"I think the one comment that really stuck with me from him is that 10 to 20 years from now, kids are not going to remember every detail of your class, but they are going to remember what kind of teacher you were and how you treated them, and that relations with students need to come first," the CCMS teacher said.
   On the road
   Geisen, or Mr. G. as he is affectionately known by some at CCMS, has been one busy teacher in recent weeks, including making several speaking engagements.
   Superintendent Swisher said Geisen is "already scheduled for 158 speaking engagements."
   "One hundred and fifty eight ... so far," Swisher added.
   "There's already a two-week speaking engagement in Japan," the superintendent continued.
   This summer and for the 2008-2009 school year, Geisen will be able to come back home to central Oregon each week for a day or two other than his stay in Japan and then head to other speaking engagements.
   In the meantime, Associate Superintendent of Instruction Lora Nordquist said a temporary replacement teacher will teach Geisen's classes.
   Swisher said the Oregon Department of Education, the Crook County School District, and business partners in the state and around the nation will cooperate to defray Geisen's costs.
   Swisher said a temporary teacher will come in, but the Department of Education and business partners will cover those salary costs. Travel costs are covered by business partners through the National Teacher of the Year program.
   The Oregon Teacher of the Year program is sponsored by Intel Corporation. Intel will be helping to cover Geisen's salary and provide him with a laptop computer and Blackberry during the coming school year.
   Geisen's advice to new teachers
   The future is bright, but challenging for those new to teaching as a career.
   "I think new teachers - they have huge challenges ahead of them in terms of the climate they are heading into," he said. "And what I mean by that is that education as a whole seems to be more focused on a single output, which is test scores, which are a very narrow definition of learning and intelligence. What I think new teachers need to do is to teach creatively and to focus on the whole child as opposed to just a small part of their brain. That can be very hard to do because of the pressures to conform, because of the tradition of teaching - 'This is how you do it.'"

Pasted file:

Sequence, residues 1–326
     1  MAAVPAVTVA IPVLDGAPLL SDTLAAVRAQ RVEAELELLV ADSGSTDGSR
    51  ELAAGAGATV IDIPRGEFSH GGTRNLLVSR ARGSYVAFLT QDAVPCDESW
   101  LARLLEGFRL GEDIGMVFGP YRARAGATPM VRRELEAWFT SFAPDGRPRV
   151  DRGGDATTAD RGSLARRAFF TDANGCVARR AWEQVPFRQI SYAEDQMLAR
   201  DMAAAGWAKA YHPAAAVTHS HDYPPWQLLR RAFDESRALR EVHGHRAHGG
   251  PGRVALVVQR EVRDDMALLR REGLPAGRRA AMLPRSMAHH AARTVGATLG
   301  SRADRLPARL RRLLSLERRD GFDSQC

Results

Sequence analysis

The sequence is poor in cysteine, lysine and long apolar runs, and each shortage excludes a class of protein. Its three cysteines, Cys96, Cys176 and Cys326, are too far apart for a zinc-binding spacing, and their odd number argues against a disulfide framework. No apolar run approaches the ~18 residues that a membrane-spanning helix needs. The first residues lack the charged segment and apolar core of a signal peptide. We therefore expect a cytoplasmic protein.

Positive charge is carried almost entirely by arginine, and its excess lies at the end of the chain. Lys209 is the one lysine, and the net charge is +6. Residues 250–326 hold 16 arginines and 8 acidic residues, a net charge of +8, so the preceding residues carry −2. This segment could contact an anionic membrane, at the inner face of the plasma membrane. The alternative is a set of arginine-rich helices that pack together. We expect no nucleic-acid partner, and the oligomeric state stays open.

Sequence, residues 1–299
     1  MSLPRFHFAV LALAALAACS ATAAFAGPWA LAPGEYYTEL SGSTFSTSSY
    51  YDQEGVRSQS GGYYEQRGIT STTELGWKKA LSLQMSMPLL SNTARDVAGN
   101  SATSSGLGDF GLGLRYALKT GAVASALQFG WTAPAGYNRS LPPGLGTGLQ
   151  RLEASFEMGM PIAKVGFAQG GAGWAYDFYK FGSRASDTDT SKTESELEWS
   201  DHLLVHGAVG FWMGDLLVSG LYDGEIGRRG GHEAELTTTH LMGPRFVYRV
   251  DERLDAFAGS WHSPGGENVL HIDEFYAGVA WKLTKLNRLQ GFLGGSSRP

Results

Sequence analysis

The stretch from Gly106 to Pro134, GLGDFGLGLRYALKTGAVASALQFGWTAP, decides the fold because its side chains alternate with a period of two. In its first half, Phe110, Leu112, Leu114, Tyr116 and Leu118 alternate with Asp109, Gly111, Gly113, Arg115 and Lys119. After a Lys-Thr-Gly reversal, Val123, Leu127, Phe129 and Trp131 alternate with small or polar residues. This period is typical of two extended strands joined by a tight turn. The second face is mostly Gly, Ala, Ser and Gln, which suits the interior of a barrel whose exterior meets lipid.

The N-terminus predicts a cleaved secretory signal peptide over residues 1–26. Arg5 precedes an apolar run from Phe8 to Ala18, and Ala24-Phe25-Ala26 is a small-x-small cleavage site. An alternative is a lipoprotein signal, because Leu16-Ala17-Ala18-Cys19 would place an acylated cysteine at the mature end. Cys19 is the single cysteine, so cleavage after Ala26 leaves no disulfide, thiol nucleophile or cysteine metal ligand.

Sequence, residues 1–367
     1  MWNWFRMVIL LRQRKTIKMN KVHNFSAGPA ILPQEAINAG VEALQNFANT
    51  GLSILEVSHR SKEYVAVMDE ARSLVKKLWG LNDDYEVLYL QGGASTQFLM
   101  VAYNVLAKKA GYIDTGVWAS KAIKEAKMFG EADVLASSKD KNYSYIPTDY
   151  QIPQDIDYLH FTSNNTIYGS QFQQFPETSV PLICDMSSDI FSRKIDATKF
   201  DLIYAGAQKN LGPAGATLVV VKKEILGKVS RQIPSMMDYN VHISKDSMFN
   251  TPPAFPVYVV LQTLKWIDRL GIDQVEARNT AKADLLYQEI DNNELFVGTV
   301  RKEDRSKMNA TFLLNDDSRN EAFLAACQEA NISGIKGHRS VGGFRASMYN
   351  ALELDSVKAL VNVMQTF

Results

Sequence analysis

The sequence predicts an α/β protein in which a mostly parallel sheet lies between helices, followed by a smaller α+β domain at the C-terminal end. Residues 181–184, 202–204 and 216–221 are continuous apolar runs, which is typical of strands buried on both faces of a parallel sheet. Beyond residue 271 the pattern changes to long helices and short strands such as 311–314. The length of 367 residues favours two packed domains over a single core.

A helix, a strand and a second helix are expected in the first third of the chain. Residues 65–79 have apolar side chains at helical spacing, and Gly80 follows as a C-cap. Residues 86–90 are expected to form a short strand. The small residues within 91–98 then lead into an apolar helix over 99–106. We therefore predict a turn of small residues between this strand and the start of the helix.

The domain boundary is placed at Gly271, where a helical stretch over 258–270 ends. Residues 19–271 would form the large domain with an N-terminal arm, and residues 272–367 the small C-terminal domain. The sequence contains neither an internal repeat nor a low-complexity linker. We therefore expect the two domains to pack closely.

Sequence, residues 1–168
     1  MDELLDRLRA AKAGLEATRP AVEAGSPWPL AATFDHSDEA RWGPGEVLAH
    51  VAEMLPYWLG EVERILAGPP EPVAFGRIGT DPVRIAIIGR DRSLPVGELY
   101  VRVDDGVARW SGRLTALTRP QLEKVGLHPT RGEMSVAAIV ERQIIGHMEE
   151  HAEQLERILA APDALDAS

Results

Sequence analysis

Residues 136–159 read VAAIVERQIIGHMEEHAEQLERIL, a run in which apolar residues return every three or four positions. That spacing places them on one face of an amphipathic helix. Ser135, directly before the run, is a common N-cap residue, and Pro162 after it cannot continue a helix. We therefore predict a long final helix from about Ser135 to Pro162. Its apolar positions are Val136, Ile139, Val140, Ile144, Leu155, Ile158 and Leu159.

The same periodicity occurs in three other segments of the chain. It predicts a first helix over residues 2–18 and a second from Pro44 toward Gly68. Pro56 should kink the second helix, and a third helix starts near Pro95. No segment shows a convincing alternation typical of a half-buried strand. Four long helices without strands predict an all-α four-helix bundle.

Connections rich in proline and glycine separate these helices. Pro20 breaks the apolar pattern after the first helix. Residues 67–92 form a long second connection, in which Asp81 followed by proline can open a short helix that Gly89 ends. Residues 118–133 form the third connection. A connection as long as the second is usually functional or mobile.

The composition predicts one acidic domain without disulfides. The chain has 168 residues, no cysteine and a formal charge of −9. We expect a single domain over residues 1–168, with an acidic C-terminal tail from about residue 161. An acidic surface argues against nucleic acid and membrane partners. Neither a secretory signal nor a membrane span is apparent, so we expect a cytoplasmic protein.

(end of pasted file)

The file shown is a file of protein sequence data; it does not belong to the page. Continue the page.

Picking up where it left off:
"I think having the courage to step out and be yourself and having fun with the kids and teach in innovative ways and know that when you do that, the test scores will follow," Geisen emphasized. "But kids need to enjoy school. If kids don't enjoy being there, then you really haven't succeeded as a teacher. You may have imparted some basic knowledge, but you haven't created someone who will continue to learn on their own. When kids go home or when they go home for the school year, do they have curiosity about the world?"
   When the science teacher was honored as Oregon Teacher of the Year in October, his students "were just ecstatic."
   "They were as excited as I was or probably more than I was," he said of the October awards ceremony.
   "I guess their voices aren't heard as often as they should be and I guess they are excited," Geisen said of his students. "I see them as fellow human beings. And so it's not really about me winning. It's about what's going to be good for them and for other kids in the future."
   Geisen continues to show compassion for students in his challenging career.
   "Being a teacher is a great honor. However, it is also extremely demanding," Geisen concluded. "Every child is different and every day is different. That's what makes teaching so captivating and challenging. That's what gets me out of bed every morning and why I sleep so soundly every night."